FAA grounds about 170 Boeing 737-9 Max aircraft after Portland flight blowout

Jan 7, 2024, 8:38 AM | Updated: 10:21 am

Image: A portion of the Boeing aircraft that housed Alaska Airlines Flight 1282 burst open while th...

A portion of the Boeing aircraft that housed Alaska Airlines Flight 1282 burst open while the plane was in the air Friday, Jan. 5, 2024. (Image courtesy of KIRO 7)

(Image courtesy of KIRO 7)

The Federal Aviation Administration (FAA) announced Saturday the temporary grounding of certain Boeing 737-9 Max aircraft operated by U.S. airlines or in U.S. territory. The move will affect more than 170 planes worldwide.

This development comes after an Alaska Airlines jetliner blew out a window and a portion of its fuselage shortly after takeoff three miles above Oregon Friday evening. The blowout created a gaping hole that sucked clothing off a child and forced the pilots to make an emergency landing as its 174 passengers and six crew members donned oxygen masks.

The federal agency made the announcement in a statement on its website and in a post on X, formerly known as Twitter.

In a statement distributed and posted on X Saturday, Boeing said it supported the FAA’s decision to require inspections of the aircraft in question.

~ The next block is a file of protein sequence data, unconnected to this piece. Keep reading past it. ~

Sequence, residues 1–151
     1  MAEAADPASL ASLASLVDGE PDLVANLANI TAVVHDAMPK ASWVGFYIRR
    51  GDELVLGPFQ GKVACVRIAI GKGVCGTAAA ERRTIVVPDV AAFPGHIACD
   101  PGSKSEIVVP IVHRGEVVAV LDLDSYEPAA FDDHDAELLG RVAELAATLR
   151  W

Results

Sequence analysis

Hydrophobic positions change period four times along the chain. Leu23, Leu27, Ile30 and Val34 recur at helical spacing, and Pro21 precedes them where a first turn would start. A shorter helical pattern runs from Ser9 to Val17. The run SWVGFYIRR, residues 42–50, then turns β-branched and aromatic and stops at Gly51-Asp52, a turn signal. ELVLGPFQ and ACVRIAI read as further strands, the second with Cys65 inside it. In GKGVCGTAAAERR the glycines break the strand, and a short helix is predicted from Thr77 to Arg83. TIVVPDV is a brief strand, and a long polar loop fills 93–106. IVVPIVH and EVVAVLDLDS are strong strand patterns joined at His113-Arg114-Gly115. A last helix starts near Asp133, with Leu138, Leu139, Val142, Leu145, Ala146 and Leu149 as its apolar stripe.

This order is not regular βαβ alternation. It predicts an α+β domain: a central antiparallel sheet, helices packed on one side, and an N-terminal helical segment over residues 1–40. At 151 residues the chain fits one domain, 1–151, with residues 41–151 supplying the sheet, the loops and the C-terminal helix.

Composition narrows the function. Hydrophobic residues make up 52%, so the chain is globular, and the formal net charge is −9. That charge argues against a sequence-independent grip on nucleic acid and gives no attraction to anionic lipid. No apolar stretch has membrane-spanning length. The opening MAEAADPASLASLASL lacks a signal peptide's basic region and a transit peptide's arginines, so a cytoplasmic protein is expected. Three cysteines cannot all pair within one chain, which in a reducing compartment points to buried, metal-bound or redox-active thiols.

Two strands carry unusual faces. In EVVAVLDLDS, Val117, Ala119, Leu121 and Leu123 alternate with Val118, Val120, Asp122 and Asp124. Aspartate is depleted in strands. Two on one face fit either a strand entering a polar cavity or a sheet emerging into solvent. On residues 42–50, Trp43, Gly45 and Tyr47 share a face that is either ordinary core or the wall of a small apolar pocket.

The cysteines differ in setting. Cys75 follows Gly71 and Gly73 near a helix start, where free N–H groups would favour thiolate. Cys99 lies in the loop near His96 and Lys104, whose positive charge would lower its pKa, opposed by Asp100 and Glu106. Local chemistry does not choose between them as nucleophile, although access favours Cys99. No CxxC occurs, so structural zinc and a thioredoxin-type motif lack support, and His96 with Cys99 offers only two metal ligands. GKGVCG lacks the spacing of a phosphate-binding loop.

“Safety is our top priority and we deeply regret the impact this event has had on our customers and their passengers. We agree with and fully support the FAA’s decision to require immediate inspections of 737-9 airplanes with the same configuration as the affected airplane,” the statement, in part, reads.

Before the FAA’s announcement, Alaska Airlines released a short statement on its website and X account Saturday saying, “As of this morning, inspections on more than a quarter of our 737-9 fleet are complete with no concerning findings. Aircraft will return to service as their inspections are completed with our full confidence.”

Previously, the airline said late Friday it grounded all 65 of its Boeing 737-9 Max aircraft, hours after the incident, which resulted in the emergency landing in Portland, Oregon. No one was seriously hurt.

“Following tonight’s event on Flight 1282, we have decided to take the precautionary step of temporarily grounding our fleet of 65 Boeing 737-9 aircraft.” Alaska Airlines CEO Ben Minicucci said in a statement posted on the company’s website and on their X account. “My heart goes out to those who were on this flight – I am so sorry for what you experienced.”